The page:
So I have a new version of the blogging software, with all kinds of cool, whizzzz-bangy features. I’m learning how to use them, so watch out!
One of the features is that embedded video is “easier” (for some value of easier). So I’ve been going thru all my old, short, point-and-shoot videos.
First point – my camera shoots in *.avi mode. “So what”, you say. Well, I’ve discovered that a 15 second video in *.avi is about 26MB, but if I change the format to *.wmv it is about 2MB!!! So I am in the process of editing and resaving my videos as *.wmv format, SO THAT I CAN POST THEM!!!
Second point – people (namely, myself) take video of some of the STUPIDEST things on the planet. This new technology is bringing that point home for me. I’ve been surreptitiously viewing and hastily DELETING a number of videos that are unfit for even my viewing. Be thankful.
Third (and last) point – videos shot with p&s cameras are, typically, CRAP. I know this, and yet will still be subjecting the vast blog-o-sphere to some of my masterpieces of crap. Thanks for understanding.
Video #1 – from Qatar: March 2007
We went 4-wheeling with some people from Pole Position on the dunes in Qatar/Oman. It was a lot of fun. This was shot by Jack as we drove/slid/nearly rolled down the slipface of a VERY TALL DUNE.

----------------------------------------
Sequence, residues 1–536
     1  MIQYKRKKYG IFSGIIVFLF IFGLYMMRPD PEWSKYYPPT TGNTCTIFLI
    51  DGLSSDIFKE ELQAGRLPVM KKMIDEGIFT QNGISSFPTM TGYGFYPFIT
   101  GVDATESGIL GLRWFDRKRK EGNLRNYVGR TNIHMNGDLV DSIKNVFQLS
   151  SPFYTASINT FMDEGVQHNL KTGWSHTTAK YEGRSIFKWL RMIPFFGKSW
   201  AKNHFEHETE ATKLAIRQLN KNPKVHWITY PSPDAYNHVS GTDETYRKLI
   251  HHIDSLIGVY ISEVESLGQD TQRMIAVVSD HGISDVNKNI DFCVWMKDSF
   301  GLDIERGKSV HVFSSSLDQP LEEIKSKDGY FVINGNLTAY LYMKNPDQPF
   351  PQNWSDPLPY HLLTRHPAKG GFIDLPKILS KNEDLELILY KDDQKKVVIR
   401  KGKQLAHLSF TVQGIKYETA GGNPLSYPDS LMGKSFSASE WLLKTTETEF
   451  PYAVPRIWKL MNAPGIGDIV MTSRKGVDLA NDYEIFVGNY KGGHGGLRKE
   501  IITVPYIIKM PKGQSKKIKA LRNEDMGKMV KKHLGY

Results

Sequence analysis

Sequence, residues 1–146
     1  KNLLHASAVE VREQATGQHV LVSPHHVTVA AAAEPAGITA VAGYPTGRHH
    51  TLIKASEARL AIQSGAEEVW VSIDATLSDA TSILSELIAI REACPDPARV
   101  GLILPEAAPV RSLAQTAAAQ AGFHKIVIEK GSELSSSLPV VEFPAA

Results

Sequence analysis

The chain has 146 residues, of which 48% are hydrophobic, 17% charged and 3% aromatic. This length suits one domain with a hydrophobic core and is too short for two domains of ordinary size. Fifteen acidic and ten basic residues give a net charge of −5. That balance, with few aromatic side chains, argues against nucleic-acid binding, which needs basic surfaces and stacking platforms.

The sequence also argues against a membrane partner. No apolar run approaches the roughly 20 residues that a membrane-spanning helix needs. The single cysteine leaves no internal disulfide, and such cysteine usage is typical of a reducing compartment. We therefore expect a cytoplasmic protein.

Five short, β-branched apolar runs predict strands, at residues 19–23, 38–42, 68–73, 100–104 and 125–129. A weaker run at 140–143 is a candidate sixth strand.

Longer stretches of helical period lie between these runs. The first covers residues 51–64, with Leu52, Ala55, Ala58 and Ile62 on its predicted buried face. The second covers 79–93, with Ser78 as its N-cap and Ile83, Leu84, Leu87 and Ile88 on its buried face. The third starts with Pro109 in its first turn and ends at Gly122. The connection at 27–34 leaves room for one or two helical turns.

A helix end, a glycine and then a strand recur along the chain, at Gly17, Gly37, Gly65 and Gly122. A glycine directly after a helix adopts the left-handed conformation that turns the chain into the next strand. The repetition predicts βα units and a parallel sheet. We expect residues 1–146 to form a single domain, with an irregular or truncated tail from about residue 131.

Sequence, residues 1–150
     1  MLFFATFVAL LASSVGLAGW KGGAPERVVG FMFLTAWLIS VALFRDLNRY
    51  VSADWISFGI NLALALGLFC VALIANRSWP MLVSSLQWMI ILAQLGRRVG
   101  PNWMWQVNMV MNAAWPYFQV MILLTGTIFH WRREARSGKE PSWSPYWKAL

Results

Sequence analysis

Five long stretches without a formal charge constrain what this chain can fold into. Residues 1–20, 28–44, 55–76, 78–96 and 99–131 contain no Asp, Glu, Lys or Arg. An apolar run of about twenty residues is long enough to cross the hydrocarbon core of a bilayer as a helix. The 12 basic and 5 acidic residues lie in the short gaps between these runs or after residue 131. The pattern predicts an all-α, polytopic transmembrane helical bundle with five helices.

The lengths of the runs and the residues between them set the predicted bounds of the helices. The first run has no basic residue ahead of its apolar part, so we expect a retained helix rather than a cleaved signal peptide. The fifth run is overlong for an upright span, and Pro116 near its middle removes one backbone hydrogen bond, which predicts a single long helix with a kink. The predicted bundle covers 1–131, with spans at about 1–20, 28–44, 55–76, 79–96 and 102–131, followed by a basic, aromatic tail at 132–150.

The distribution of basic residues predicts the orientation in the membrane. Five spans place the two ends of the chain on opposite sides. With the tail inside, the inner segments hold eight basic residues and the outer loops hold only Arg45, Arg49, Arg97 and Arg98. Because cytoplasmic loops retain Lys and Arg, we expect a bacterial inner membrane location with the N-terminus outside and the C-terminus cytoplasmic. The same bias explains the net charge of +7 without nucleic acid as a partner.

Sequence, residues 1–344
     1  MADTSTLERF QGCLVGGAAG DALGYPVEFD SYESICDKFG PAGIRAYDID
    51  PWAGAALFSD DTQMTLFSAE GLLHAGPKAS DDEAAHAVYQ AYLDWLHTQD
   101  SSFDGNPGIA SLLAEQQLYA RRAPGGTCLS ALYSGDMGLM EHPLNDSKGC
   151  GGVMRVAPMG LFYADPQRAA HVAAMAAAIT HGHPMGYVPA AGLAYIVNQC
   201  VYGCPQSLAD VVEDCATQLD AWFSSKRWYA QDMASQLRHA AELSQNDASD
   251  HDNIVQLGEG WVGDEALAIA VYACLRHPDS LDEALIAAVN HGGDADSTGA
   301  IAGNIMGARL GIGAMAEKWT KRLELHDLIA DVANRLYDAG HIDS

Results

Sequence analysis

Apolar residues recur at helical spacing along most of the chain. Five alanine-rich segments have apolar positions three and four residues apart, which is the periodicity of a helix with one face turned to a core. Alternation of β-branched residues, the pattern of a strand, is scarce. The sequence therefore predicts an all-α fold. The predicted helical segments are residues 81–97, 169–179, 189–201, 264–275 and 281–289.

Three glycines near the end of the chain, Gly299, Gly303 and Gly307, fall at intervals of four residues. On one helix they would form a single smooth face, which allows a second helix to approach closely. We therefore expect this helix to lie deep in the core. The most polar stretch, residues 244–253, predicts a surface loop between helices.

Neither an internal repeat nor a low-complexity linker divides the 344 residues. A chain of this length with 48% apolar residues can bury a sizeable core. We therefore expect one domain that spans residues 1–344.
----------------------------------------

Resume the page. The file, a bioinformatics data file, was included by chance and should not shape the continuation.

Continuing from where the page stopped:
Video #2 – the Dead Sea, Jordan side: April 2007
This video is “not fit for prime time”. Everyone does it, but few put it online for others to see. I am embarrassed, and yet…..here it is.
Actually this was added to the original Dead Sea post, so some of you may have already seen it. In which case, do not feel obligated to push play.
After 2 weeks of relaxation in Barcelona, we flew to Rome for 4 days of being REAL tourists. I had not been in Rome for over 20 years (OMG – how is that possible??), and this was Jack’s first visit, so we had things to do.
Rome was MUCH hotter than Barcelona (although cooler in temperature than Cairo, it was much more uncomfortable due to the humidity). We made a valiant attempt to see as much as we could in four days. Unfortunately, both Jack and I were “out-of-shape” for the tourist blitzkrieg. The heat, humidity and hills took their toll on us!
The day we arrived, we met TV&KC near the Spanish Steps for a glass of wine and a nosh. The four of us had a beautiful postprandial stroll to the Trevi Fountain before heading off on our separate ways.
This is one of the cool perks of this job and location. How often does anyone get the chance to say, “We flew to Rome and met XYZ for a drink and a stroll….”? I know I am incredibly lucky to be able to do it – and it makes me giggle to see it in “print”.
Day 2 in Rome was scheduled for a FULL itinerary of tourist stuff: Colliseum, Forum, Pantheon. We got a very late start, and only managed the Colliseum, due to the heat.